Friday, May 4, 2012

Jamaican Farmers See Great Potential in Shiitake Mushroom Production


Yerba Buena Farmer Owner, Agape Adams, inoculates
one of the selected logs with shiitake mushroom spawn.
From March 10th-24th, 2012, Nicholas Laskovski from Dana Forest Farm in Waitsfield, Vermont, shared his skill in shiitake mushroom production with local farmers at Yerba Buena Farm in Robins Bay, St. Mary, Jamaica. Over the course of his 2-week assignment, Mr. Laskovski helped identify locally-abundant tree species that fit the rough criteria for growing shiitake mushrooms, cut 100 logs from these trees, and led two hands-on trainings for interested farmers. The trainings covered topics including the life cycle of mushrooms and the needs at each stage, what makes a good tree selection, and inoculation. 

By the end of the assignment, Mr. Laskovski and training participants inoculated 100 logs with shiitake mushroom spawn.

Yerba Buena Farm Owner, Agape Adams, explained why mushroom growing has grabbed the attention of local Jamaican farmers:


Nick Laskovski works with local youth to prepare logs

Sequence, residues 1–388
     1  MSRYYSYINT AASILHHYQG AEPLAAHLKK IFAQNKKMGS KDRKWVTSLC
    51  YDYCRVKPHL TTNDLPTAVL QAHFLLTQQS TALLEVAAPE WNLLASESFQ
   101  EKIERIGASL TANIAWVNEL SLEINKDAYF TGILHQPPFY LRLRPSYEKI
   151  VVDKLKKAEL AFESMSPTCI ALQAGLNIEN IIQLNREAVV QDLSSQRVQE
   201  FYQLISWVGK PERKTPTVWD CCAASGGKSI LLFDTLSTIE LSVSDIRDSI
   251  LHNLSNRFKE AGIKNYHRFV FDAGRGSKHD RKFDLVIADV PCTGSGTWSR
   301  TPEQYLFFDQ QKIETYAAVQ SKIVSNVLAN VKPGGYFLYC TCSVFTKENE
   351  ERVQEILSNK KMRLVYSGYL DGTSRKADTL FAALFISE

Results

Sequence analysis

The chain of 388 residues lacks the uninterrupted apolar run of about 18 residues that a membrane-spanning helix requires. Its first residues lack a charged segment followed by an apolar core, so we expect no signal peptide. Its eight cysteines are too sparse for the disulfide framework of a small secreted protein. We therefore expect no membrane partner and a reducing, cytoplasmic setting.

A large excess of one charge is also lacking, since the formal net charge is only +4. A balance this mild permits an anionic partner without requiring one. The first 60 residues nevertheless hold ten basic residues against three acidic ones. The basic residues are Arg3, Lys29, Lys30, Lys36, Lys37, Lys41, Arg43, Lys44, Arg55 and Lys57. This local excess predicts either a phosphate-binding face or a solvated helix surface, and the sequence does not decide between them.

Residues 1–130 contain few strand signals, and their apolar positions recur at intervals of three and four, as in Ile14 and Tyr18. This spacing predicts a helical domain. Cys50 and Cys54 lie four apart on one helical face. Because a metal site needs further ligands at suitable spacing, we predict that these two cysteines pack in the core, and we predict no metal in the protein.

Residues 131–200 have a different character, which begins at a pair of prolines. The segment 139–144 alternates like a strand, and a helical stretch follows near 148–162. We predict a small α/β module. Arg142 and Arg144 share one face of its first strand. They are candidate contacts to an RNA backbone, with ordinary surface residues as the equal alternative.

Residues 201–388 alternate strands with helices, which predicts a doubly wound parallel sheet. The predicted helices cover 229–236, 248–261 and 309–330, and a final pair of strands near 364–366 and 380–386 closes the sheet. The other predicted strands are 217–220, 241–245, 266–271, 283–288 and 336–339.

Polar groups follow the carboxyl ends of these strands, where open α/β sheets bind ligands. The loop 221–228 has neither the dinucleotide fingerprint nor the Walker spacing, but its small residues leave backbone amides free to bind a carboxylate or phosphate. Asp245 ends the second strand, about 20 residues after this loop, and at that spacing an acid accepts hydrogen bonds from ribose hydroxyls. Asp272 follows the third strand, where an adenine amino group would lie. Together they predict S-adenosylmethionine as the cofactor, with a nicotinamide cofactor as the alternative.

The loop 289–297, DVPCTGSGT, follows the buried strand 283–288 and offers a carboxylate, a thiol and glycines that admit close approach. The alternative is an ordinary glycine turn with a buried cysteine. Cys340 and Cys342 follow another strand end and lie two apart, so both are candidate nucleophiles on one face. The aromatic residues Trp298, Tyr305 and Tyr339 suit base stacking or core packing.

for inoculation.
“Shiitake and oyster mushrooms are imported and sold locally, mostly to businesses catering to tourists. These mushrooms, however, can easily be grown outdoors on logs. Jamaican farmers in the Robins Bay area have much of their land in mature fruit trees, which are only productive during their season. By adding mushroom growing to their farms’ activities, these farmers make the space under their fruit trees useful. Too shady for vegetables or bananas, this space is perfect for inoculated mushroom logs.

When people clean out their land, they are left with logs that are too small for board, and most often, are burned as firewood or left to rot. This size log, around 4 inches in diameter, is the perfect size for growing mushrooms.

Because the market is already there, the price for mushrooms is high, the logs needed are in abundant supply, the tools are not complicated or terribly expensive, and the skill is easy enough to learn, farmers are attracted to mushroom growing.”



Yerba Buena Farm Owner, Kwao Adams, with 1 of 100
logs used in the assignment.
Over the course of the following months, the training participants will document changes in the inoculated logs to identify which tree species are best for growing mushrooms. Once the logs are fruiting (6-12 months after inoculation), Yerba Buena Farm plans to host additional workshops to allow participants to taste the mushrooms and discuss pricing and marketing strategies. Ultimately, these farmers hope to form a cooperative of mushroom producers to compete with imported products.

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